• Join over 1.2 million students every month
  • Accelerate your learning by 29%
  • Unlimited access from just £6.99 per month

Opposition to The New Deal.

Extracts from this document...

Introduction

Opposition to The New Deal. The New Deal, it's many Administrations and their policies were making major changes to American Industry and society. As a result of this, some people were quite unhappy and attempted to stall The New Deal. As time went on, FDR's gained more and more power over the reformation of the American economy and businesses. People feared the amount of power FDR had and started questioning his intent. What really caused people to question Franklin D. Roosevelt was his attempt to "fix" the Supreme Court. As the nine judges making up the court were mainly old and conservative, FDR believed they were too opinionated and too eager use their authority without considering the consequences. ...read more.

Middle

Republicans certainly disliked The New Deal and found it dangerous. Leading Republican, Frank Knox, summed up Republican views on The New Deal by saying "The New Deal candidate has been leading us toward Moscow". By this he meant that with Roosevelt's increasing powers and his guidance and control over industry it seemed that he was slowly but surely verging towards communism. They also disliked Roosevelt's industrial laws because they took power of the owners and benefited the workers with policies such as trade unions and social security. Some extreme opposition came from a self-educated man with a degree in law after only 8 months - he was a "shameless politician with no morals" and he fought dirty. ...read more.

Conclusion

Long did not at any point explain how he would do this, but the idea of much needed money being given to them for nothing was jumped at by the poorer families, and Long gained a lot of support. Fortunately for FDR, Long's career ended due to assassination before he was able to challenge him. So with certain aspects of luck, and a well-conducted New Deal, FRD managed to rescue America from its depression without any great hitches. There were careless flaws such as the move Roosevelt made trying to fix the SC without considering the consequences, but in the end all went to plan and opposition was only opposition, and not a threat to the New Deal. ...read more.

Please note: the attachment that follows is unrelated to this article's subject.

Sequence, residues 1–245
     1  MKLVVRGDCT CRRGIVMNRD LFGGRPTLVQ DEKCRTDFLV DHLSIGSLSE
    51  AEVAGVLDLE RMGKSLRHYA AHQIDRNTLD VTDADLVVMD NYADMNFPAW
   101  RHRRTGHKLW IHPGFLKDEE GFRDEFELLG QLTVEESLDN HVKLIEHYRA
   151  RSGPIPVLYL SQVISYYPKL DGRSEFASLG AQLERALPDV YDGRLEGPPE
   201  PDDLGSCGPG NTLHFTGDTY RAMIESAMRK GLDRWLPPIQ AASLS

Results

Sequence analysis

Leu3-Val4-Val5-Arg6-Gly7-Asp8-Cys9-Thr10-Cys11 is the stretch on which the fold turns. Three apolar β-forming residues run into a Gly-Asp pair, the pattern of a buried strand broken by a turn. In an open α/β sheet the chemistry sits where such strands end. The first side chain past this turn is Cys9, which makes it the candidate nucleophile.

The above preview is unformatted text

This student written piece of work is one of many that can be found in our AS and A Level History of the USA, 1840-1968 section.

Found what you're looking for?

  • Start learning 29% faster today
  • 150,000+ documents available
  • Just £6.99 a month

Not the one? Search for your essay title...
  • Join over 1.2 million students every month
  • Accelerate your learning by 29%
  • Unlimited access from just £6.99 per month

See related essaysSee related essays

Related AS and A Level History of the USA, 1840-1968 essays

  1. Peer reviewed

    The New Deal USA

    4 star(s)